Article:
Social media is more and more making teenagers dissatisfied with their appearance and enthusiastic about obtaining a filtered version of “perfection,” even heading so far as to pursue plastic surgery, say medical professionals.
Dr. Neelam Vashi, director of Ethnic Skin Centre at Boston University’s School of Medicine, printed an article examining the new style in Jama Face Plastic Surgery previous week.
“A new occurrence, dubbed ‘Snapchat dysmorphia,’ has patients seeking out plastic surgery to look like filtered versions of themselves…with fuller mouth, bigger eye, or a thin nose,” she said.
Among Snapchat’s more popular features are its cosmetic filters, which change users’ appearance in a cellphone camera. New filter systems are offered regularly. Some change a person’s face to look like family pets, superheroes, or inanimate things. Others create a more subtle, revised version of the users themselves – smoothing their pores and skin, whitening their teeth, narrowing their face, improving their mouth and eyes.
Before photo-editing was designed for the public to utilize, Vashi said, people idolized the often-unrealistic beauty of stars, who were the only people with quick access to photo-editing technology.
But now that everyone has usage of this technology, she said, it has altered their anticipations of beauty. Instead of bringing photos of stars to cosmetic surgery consultations, patients are attracting pictures of themselves, with specific angles or lighting.
“I just see a great deal of images that are just really unrealistic, and it creates unrealistic goals for patients because they’re wanting to appear to be a fantasized version of themselves,” she advised Inverse.
According to the North american Academy of Face Plastic and Reconstructive Surgery, more than half of clinicians in 2017 observed patients requesting to “look better in their selfies.”
Dr. Laura Cusamano, a postdoctoral fellow at Potomac Behavioral Solutions in Arlington, Va., works together with patients struggling with body image and has seen the same development. She said the idealization of stars has morphed into users of public media idealizing modified images of themselves.
“In recent decades, American marketing has propagated a distorted view of beauty, privileging certain body types, epidermis tones, wild hair colors, and cosmetic features. Beauty ideals attended by means of stars, whose ‘perfect’ images are often Photoshopped,” she informed CNA.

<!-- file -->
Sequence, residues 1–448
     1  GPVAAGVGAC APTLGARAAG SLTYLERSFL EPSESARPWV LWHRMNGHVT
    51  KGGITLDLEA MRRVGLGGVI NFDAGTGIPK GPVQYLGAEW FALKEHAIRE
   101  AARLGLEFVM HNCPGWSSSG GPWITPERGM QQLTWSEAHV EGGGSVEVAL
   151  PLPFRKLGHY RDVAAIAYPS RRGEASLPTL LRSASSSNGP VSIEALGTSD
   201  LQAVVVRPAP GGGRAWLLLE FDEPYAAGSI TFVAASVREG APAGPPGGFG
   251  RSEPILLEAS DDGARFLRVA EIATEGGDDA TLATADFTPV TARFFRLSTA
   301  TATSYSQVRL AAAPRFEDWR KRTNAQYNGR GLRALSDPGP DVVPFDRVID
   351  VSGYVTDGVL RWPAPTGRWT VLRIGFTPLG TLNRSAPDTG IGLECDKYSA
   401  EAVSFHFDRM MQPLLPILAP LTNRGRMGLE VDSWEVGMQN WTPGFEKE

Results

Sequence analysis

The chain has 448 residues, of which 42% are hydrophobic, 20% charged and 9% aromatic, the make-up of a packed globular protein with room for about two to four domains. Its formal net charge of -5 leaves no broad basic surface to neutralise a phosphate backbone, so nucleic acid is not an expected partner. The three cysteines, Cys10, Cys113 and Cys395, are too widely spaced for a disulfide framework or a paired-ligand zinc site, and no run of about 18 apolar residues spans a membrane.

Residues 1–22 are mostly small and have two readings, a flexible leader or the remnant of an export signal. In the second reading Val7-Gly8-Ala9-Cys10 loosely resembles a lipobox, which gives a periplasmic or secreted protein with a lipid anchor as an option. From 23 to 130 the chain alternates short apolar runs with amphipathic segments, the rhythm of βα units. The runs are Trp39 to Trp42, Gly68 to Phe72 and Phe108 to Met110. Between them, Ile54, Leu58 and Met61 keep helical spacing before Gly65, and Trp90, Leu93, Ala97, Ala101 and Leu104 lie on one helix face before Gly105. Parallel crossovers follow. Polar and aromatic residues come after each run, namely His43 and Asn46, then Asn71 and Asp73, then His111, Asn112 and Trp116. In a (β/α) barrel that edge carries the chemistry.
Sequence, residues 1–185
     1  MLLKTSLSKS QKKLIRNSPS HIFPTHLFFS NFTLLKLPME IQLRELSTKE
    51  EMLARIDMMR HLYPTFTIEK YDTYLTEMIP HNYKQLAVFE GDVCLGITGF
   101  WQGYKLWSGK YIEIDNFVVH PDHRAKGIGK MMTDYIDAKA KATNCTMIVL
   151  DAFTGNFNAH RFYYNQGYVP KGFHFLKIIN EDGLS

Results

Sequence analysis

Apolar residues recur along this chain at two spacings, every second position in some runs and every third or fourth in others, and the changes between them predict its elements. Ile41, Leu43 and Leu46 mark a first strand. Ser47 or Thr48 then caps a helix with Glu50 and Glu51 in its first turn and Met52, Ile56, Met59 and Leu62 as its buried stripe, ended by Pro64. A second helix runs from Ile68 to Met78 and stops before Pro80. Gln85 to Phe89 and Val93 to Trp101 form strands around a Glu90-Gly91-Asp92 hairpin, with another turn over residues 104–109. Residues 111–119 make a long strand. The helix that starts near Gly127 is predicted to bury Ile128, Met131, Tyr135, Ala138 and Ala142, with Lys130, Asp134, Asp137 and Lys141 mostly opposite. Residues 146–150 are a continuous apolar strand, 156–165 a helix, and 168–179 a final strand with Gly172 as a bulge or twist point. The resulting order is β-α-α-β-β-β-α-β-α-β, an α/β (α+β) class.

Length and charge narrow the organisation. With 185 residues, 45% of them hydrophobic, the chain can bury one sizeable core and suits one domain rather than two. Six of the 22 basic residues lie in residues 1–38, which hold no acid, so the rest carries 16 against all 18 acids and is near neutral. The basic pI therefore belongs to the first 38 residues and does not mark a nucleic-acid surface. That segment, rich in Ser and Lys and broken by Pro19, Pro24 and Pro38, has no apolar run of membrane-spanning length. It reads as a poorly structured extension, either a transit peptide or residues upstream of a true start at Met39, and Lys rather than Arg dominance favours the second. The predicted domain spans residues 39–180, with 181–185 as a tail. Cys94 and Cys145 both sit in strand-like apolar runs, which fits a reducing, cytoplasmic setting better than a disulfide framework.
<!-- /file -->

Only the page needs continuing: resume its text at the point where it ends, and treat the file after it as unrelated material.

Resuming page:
“With the introduction of social media, the ability to adjust one’s appearance generally is at one’s fingertips. Applications like Snapchat provide the chance for users to find the ‘perfect’ image of themselves to share with the peers and the entire world.”
Cusamano voiced concern that Snapchat Dysmorphia may lead teenagers to compare their systems not only with digitally transformed images of themselves, but also with similar images of relatives and buddies. This could lead to eating disorders, self-esteem problems, and other issues, she said.
She also doubts that the new style may push unwell individuals further into Body Dysmorphic Disorder, a condition related to Obsessive-Compulsive Disorder where individuals suffer from “excessive preoccupation with identified defects or imperfections in their appearance.”
“They become obsessed with what they consider to be flaws, and they often spend a great deal of time seeking to examine, improve, or face mask their supposed imperfections,” she said. The disorder is associated with nervousness and depressive disorder, as well as shame and low self-esteem.
Cusamano said nearly 75 percent of folks with the disorder seek surgery, plastic treatment, and dermatological work. She said these individuals may also encounter suicidal ideation.
When asked about how precisely to correct this development of Snapchat Dysmorphia, she said people should pay attention to how social press has effects on their life, noticing whether they find themselves becoming jealous of other users.
People might need to take a short-term break from social press or follow accounts designed to spread positive information about the body, she said.
Cusamano also stressed the value of knowing the dignity of the human person.
“Remembering that you will be created in the image and likeness of God and asking God to help the thing is yourself as He recognizes you is an excellent way to focus on transforming your self-image,” she said.